Archive for February, 2020

Freshening of the western Arctic negates anthropogenic carbon uptake potential

As human activities increase the atmospheric concentration of carbon dioxide (CO2), the oceans are known to absorb a significant portion. The Arctic Ocean has long been considered to have enormous potential to sequester anthropogenic CO2, and mitigate emissions. The frigid waters make CO2 more soluble, and as sea ice melts, greater surface area is exposed to absorb CO2. However, sparse data have made quantifying the amount of anthropogenic CO2 in the Arctic difficult, stimulating much debate over the basin’s contribution to CO2 sequestration from the atmosphere. Using three separate cruises in 1994, 2005, and 2015 in the Canada and Makarov basins, we analyze the decadal variability in anthropogenic CO2 uptake in the central western Arctic. Here we show, from direct carbon system measurements spanning two decades, that despite increased atmospheric CO2, total dissolved inorganic carbon has actually decreased, with minimal anthropogenic CO2 uptake. The reduction in dissolved CO2 results from a dilution of total alkalinity by increased freshwater supply, particularly river water. Changes in the freshwater budget of the western Arctic override its uptake potential, resulting in a weak sink, or possibly source of CO2.

Continue reading ‘Freshening of the western Arctic negates anthropogenic carbon uptake potential’

The UN Convention on the Law of the Sea: a governing framework for ocean acidification?

Ocean acidification is a major emergent threat to the ocean, its wildlife and the goods and services they provide. While the international community has committed to ‘minimize and address’ ocean acidification as part of the Sustainable Development Goals, it is unclear how this is to be fulfilled, especially as there are no international agreements explicitly designed to tackle this issue. Ocean acidification is of relevance to the work of several global agreements and makes achieving their goals more difficult. Being largely sectoral, these agreements are restricted in their ability to address ocean acidification holistically, often unable to both minimize and address the issue. This has resulted in a very limited response to ocean acidification that is fragmented across a number of regimes. The 1982 United Nations Convention on the Law of the Sea (UNCLOS) has been identified as an agreement that could be used to regulate carbon dioxide emissions and thus mitigate ocean acidification. However, this article argues that a far more pivotal role can be played by UNCLOS, through its creation of a governing framework for ocean acidification. UNCLOS is the one Convention with a mandate broad enough to address ocean acidification in a direct, holistic manner. UNCLOS places a duty on States to both minimize and address ocean acidification through its various provisions that pertain to the protection and preservation of the marine environment and the conservation of marine living resources. The Convention establishes the framework through which ocean governance is to be implemented, which should be understood as extending to ocean acidification. Thus, UNCLOS is uniquely placed to guide a coherent international response.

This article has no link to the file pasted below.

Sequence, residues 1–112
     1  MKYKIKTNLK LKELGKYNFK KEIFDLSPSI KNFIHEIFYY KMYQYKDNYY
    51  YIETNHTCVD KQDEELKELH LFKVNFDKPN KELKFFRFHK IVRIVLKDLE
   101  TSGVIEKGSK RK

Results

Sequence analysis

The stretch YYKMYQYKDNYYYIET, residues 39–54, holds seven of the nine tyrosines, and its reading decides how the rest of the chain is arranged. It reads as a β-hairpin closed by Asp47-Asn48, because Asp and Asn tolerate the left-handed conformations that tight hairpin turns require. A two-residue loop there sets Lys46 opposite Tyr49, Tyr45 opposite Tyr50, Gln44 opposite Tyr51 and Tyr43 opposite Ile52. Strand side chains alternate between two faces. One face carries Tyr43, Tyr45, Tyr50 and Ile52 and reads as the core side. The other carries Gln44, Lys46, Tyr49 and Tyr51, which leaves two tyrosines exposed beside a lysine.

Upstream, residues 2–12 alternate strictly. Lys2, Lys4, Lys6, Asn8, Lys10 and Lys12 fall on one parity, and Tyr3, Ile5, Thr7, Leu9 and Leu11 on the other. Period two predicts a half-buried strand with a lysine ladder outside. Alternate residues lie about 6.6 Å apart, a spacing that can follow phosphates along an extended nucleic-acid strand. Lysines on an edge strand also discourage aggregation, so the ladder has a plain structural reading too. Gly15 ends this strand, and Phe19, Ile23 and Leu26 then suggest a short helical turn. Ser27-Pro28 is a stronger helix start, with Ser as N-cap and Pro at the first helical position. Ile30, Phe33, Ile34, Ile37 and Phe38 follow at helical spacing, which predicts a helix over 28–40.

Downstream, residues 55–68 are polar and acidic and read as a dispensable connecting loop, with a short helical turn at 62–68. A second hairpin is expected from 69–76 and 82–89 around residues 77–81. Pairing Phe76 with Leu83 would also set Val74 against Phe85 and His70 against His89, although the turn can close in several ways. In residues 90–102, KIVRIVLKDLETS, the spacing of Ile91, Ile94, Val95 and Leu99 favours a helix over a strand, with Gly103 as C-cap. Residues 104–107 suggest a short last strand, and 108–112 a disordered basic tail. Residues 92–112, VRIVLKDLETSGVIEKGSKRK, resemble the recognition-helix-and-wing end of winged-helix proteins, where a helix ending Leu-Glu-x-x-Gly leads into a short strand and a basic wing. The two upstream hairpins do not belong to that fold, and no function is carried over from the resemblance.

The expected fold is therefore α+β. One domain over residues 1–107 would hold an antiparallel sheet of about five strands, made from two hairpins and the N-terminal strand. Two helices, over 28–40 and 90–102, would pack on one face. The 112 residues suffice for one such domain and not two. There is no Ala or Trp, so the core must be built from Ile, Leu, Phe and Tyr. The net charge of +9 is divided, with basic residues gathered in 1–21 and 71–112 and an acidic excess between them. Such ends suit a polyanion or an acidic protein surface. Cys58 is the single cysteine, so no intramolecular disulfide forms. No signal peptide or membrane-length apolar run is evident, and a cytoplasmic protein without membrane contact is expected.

Continue reading ‘The UN Convention on the Law of the Sea: a governing framework for ocean acidification?’

Southern oyster growers feeling impacts of climate change

Oyster growers say the delicate environment that shellfish need to thrive is being disrupted by climate change. (Adobe Stock)

Oyster growers say the delicate environment that shellfish need to thrive is being disrupted by climate change.

WILMINGTON, N.C. — Oyster farmers are grappling with rising seas, ocean acidification, and more severe storms. They met in Wilmington over the weekend to discuss how to address these growing challenges.

One of the goals at the Oyster South Symposium was to brainstorm ways to deal with the impacts of climate change. Andy DePaola is a small-scale oyster farmer in Mobile Bay, Alabama. He said more frequent, heavy rains are flushing pathogens and fertilizer into waterways flowing into the bay, contaminating oyster habitat.

“Right now, we’re closed on bacterial counts. And last year, I was only open about one week between the beginning of the year and say, May,” DePaola said. “So, it’s very hard, you know, to maintain an operation for your cash flow and everything when you’re closed for months at a time. It’s really challenging.”

Continue reading ‘Southern oyster growers feeling impacts of climate change’

Elevated pCO2 and hypoxia alter the acid-base regulation of developing sheepshead minnows Cyprinodon variegatus